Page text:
Constructive type theory was first presented in 1970 by Swedish
logician Per Martin-Lof. Since then, it has become one of the main
approaches in the foundations of mathematics and computer science.
However, although it provides a considerable extension of the concepts
and techniques of logic, it remains relatively unknown among linguists
and philosophers. This work presents constructive type theory from the
point of view of linguistics and the philosophy of language,
introducing its valuable approach to those in areas in which it has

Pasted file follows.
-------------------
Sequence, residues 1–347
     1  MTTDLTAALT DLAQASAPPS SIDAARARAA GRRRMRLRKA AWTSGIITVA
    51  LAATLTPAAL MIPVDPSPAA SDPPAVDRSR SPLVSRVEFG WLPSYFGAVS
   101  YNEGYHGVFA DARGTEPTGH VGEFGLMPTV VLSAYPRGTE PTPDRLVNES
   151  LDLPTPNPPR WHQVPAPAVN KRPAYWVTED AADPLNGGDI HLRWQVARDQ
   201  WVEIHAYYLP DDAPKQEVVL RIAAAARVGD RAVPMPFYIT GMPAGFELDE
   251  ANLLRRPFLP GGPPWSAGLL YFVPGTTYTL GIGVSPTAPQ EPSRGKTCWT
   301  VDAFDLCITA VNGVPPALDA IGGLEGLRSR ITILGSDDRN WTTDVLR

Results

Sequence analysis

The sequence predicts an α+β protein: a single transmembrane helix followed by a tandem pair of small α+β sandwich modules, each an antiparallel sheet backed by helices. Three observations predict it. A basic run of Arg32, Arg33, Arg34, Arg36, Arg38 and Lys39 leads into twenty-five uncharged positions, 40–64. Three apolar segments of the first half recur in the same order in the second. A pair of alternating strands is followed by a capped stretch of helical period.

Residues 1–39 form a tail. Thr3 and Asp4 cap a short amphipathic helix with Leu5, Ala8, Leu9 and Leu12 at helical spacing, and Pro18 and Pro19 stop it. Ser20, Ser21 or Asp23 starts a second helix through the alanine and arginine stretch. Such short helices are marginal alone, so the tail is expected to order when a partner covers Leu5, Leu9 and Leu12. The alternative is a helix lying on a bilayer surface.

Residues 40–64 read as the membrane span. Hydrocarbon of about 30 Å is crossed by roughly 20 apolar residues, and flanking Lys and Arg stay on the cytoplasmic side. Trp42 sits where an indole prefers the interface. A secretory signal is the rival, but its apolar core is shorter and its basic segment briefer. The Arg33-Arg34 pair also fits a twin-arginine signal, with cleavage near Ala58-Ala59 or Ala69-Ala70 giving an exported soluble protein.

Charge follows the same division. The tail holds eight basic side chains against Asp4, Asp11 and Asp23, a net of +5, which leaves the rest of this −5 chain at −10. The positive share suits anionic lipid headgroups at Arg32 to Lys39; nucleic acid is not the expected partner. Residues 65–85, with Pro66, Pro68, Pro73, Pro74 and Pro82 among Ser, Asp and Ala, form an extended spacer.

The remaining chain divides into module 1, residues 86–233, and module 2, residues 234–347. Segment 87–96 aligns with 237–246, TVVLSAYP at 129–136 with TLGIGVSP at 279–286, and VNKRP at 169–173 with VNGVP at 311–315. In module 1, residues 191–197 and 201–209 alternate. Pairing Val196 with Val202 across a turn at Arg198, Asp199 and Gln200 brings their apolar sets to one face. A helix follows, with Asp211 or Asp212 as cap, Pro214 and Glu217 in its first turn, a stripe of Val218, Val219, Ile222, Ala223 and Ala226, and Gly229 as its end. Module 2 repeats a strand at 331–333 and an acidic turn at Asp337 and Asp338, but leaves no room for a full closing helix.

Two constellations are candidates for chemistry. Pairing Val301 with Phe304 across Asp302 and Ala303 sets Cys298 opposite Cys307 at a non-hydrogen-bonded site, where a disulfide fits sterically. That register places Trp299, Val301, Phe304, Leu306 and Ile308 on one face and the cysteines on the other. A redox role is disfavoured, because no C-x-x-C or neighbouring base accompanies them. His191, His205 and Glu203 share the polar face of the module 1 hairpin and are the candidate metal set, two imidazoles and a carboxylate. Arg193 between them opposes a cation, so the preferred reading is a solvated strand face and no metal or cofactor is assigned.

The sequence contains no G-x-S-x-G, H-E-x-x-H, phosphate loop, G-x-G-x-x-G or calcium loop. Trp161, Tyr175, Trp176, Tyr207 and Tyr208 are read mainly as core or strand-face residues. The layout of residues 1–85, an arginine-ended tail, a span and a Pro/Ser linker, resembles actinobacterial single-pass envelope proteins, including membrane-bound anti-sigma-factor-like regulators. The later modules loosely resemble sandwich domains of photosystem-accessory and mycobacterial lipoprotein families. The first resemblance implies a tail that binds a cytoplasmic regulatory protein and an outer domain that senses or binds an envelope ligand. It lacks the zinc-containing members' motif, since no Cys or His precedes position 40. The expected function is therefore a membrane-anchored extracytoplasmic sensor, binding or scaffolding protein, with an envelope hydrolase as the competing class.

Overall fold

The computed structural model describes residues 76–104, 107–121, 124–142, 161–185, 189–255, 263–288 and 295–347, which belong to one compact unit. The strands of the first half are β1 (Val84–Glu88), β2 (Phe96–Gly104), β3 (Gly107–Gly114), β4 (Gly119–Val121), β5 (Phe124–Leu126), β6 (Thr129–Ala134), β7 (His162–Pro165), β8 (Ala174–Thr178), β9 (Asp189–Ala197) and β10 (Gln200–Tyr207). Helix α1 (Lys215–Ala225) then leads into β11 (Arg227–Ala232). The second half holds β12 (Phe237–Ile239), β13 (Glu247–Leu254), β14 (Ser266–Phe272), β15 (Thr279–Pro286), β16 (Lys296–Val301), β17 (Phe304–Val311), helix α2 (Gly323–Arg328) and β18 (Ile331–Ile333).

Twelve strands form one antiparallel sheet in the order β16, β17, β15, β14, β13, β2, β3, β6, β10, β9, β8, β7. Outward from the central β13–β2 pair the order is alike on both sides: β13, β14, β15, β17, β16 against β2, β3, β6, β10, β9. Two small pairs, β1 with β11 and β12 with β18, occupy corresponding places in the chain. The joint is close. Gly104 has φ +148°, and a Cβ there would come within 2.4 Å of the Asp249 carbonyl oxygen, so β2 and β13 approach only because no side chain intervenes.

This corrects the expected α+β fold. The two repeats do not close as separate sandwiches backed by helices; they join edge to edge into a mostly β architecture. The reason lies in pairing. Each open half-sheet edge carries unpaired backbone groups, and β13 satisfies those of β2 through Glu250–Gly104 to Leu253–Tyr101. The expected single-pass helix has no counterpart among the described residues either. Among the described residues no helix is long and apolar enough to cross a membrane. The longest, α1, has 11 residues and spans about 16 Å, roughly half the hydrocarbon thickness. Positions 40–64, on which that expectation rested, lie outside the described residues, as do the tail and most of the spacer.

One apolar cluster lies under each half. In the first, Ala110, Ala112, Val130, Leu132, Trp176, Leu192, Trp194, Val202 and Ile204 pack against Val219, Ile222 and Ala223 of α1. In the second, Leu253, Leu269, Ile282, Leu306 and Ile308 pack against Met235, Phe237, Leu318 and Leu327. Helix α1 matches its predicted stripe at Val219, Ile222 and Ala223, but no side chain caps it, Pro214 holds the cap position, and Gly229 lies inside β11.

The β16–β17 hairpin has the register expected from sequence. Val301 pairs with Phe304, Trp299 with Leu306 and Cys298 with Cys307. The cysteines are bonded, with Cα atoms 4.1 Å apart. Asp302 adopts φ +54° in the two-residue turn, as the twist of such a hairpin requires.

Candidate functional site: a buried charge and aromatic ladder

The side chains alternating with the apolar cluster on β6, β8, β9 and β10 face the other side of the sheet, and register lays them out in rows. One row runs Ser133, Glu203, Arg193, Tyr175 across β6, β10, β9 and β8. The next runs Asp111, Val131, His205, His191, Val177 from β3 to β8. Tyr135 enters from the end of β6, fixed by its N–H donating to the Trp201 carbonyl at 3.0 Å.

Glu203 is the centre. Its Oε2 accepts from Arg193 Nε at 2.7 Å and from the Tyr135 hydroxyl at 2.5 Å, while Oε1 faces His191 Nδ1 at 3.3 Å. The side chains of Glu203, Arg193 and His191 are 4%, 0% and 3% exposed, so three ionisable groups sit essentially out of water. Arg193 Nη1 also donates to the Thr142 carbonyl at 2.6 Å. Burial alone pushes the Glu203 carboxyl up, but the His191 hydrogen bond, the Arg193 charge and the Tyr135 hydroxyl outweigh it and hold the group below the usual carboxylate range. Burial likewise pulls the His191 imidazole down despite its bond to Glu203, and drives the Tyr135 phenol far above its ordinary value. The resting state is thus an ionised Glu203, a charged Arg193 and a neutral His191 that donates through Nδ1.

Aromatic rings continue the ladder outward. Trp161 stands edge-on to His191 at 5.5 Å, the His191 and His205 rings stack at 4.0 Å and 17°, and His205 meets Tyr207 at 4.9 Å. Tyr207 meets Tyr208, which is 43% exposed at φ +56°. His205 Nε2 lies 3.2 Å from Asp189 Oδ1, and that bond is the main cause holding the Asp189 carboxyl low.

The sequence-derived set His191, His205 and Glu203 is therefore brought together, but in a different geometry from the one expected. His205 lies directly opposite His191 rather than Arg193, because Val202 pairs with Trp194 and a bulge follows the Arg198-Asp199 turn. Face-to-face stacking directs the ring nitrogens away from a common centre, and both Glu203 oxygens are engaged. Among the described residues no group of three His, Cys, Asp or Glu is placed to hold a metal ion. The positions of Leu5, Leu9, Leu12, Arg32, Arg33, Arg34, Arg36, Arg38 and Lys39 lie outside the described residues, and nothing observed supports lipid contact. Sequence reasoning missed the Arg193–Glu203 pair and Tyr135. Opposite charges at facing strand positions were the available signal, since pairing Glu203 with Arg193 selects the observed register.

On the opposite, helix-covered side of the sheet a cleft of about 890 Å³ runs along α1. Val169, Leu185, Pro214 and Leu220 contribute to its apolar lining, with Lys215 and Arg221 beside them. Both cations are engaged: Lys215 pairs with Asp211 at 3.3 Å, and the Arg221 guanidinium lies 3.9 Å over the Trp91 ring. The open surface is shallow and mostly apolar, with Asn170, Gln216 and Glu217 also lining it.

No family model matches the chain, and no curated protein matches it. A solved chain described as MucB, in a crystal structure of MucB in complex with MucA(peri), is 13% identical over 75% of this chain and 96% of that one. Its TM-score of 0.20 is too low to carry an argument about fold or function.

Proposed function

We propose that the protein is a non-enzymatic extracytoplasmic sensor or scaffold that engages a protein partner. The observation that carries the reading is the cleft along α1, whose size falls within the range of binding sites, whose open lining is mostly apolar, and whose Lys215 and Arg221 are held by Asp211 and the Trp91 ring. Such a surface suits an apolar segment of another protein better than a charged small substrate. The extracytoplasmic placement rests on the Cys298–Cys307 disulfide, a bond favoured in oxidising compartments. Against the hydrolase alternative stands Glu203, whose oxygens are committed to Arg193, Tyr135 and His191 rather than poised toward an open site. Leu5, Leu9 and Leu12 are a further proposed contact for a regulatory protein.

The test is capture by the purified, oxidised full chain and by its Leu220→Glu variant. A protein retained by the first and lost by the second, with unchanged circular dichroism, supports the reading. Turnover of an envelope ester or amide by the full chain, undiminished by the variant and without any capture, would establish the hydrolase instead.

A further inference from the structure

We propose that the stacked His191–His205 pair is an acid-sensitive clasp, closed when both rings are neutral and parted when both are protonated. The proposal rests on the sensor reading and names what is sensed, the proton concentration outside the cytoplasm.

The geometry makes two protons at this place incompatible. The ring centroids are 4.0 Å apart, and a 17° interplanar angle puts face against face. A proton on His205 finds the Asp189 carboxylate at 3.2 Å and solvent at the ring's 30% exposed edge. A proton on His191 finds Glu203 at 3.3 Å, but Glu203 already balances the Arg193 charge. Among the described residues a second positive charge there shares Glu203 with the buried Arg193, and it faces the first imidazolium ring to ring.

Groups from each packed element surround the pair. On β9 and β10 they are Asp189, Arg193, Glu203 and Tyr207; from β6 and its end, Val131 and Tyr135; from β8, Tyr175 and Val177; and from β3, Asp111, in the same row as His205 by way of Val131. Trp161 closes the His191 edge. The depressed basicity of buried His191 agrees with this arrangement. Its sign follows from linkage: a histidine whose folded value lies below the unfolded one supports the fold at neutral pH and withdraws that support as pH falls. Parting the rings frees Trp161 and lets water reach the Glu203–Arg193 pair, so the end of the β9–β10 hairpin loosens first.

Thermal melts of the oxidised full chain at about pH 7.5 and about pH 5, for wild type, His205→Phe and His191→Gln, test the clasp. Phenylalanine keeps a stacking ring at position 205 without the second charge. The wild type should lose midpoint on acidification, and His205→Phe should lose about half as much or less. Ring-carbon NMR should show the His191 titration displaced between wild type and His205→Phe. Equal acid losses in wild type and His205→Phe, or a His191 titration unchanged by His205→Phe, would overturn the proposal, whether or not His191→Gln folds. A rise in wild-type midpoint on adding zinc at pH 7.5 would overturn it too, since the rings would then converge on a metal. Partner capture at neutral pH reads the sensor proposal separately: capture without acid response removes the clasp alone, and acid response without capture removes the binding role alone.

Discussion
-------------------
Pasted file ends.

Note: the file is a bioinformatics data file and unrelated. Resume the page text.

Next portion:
remained unfamiliar. The theory is then applied to quantification,
anaphora, temporal reference, and the structures of text and discourse.
Various phenomena of dependence and progression are discussed in the
light of concepts of proof object and content, and the solutions to
several well-known problems are discussed.